Andy Grammer and Scott Goldman
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Who Is Andy Grammer And What Are 'The Good Parts'? | "Required Listening"
Andy Grammer's remarkable music career has taken him from strumming a guitar on Third Street Promenade in Santa Monica, Calif., to crafting multi-platinum pop hits in the recording studio. On this week's episode of the GRAMMY Museum's "Required Listening" podcast, the prolific singer/songwriter shared the biggest lesson he learned from performing on the streets for complete strangers.
"The number one thing [I learned from busking] is the ability to just act without any guarantee of anything happening in return," said Grammer. "There's no greater place to do that every day than [on] the street because there's nobody there [to see] you. … It's a great muscle to build."
In a wide-ranging chat with GRAMMY Museum Executive Director/host Scott Goldman, the "Fresh Eyes" singer also shared how fatherhood and collaboration sparked the songwriting process for his latest album, The Good Parts, and why albums provide for a truer snapshot of a musician's art.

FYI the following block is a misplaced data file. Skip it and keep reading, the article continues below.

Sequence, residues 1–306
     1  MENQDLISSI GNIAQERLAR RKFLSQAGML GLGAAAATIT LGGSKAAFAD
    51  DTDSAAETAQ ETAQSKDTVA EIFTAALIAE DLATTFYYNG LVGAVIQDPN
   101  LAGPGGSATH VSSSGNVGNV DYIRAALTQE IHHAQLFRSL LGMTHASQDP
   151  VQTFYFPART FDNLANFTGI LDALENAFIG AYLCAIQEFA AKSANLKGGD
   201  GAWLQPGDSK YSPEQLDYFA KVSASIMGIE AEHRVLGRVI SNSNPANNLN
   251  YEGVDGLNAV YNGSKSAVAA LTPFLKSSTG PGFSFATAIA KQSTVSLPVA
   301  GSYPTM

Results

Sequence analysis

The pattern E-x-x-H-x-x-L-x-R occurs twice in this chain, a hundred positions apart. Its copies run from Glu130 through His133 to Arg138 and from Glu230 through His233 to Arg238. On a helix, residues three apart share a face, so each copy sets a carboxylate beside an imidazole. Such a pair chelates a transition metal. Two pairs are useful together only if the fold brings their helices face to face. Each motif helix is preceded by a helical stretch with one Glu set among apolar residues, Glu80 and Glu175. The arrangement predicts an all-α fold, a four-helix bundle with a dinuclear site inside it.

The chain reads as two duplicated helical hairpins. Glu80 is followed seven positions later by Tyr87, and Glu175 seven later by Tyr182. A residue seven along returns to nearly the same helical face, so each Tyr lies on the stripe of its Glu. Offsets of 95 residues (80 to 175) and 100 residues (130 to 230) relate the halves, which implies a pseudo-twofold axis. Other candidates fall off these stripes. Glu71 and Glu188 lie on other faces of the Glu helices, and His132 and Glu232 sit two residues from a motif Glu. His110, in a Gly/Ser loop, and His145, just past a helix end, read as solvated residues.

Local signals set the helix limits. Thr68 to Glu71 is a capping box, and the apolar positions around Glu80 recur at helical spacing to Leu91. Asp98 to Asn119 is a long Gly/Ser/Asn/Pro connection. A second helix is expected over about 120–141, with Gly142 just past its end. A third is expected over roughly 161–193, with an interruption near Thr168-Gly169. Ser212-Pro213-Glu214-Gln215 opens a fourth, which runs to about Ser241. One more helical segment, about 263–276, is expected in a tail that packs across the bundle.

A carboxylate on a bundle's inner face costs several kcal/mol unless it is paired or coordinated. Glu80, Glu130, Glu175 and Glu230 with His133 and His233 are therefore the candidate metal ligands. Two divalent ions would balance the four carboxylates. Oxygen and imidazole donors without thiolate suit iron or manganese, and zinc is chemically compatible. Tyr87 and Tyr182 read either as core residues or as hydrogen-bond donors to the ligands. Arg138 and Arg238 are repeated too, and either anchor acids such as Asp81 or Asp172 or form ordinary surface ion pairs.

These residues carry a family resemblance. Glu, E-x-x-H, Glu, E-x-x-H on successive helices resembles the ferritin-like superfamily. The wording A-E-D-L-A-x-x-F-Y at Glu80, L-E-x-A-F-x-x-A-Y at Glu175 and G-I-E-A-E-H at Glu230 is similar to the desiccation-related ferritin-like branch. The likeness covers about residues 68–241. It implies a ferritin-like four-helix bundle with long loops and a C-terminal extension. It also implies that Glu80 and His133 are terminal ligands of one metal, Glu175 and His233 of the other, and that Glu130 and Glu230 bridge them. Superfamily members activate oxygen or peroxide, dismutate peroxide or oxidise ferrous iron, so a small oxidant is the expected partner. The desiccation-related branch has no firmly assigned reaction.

"One of the biggest benefits of writing with others is that it makes you write," said Grammer, who collaborated with songwriters Ian Kirkpatrick and Ross Golan, among others, on the new LP. "If you have a session on the books with somebody else, you're going to write a song that day. If you have a session by yourself, you might. That's just real."
Speaking of real, nothing can prepare you for the real emotions that hit you upon becoming a first-time parent. For Grammer, he channeled his feelings into "Always," an angelic tribute to his newborn daughter featured on The Good Parts.
"It definitely opens you up to a whole new area of life, which is fun to write about," said Grammer. "It's such a big thing that when you're able to distill it down to a line, it holds. When you say to your daughter, 'You and me will be always,' that's like a simple little line that means [so much]."
As far as the modern debate over releasing songs versus albums? Put Grammer down as "pro-album."
"With one song, you can get an idea," said Grammer. "With 12 songs you can get a real sense of where somebody is.
"As you go along creating art, you have a feeling of how you personally feel about it. And you go about the process of trying to get it out of yourself. And then [you] give it to [the fans]."